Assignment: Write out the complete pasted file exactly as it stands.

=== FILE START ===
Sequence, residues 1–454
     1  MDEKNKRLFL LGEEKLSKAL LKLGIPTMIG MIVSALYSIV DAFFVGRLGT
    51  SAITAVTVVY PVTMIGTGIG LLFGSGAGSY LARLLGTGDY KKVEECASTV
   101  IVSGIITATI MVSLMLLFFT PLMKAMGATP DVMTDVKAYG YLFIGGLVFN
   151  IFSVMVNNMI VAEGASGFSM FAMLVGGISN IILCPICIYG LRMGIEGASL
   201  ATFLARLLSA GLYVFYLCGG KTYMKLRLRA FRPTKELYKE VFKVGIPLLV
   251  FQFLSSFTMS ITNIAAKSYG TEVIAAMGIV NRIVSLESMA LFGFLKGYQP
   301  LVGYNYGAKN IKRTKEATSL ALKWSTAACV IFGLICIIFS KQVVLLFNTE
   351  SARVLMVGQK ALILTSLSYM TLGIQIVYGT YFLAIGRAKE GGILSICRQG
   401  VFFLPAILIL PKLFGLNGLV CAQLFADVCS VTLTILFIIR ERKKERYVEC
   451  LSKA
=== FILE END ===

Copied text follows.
Sequence, residues 1–454
     1  MDEKNKRLFL LGEEKLSKAL LKLGIPTMIG MIVSALYSIV DAFFVGRLGT
    51  SAITAVTVVY PVTMIGTGIG LLFGSGAGSY LARLLGTGDY KKVEECASTV
   101  IVSGIITATI MVSLMLLFFT PLMKAMGATP DVMTDVKAYG YLFIGGLVFN
   151  IFSVMVNNMI VAEGASGFSM FAMLVGGISN IILCPICIYG LRMGIEGASL
   201  ATFLARLLSA GLYVFYLCGG KTYMKLRLRA FRPTKELYKE VFKVGIPLLV
   251  FQFLSSFTMS ITNIAAKSYG TEVIAAMGIV NRIVSLESMA LFGFLKGYQP
   301  LVGYNYGAKN IKRTKEATSL ALKWSTAACV IFGLICIIFS KQVVLLFNTE
   351  SARVLMVGQK ALILTSLSYM TLGIQIVYGT YFLAIGRAKE GGILSICRQG
   401  VFFLPAILIL PKLFGLNGLV CAQLFADVCS VTLTILFIIR ERKKERYVEC
   451  LSKA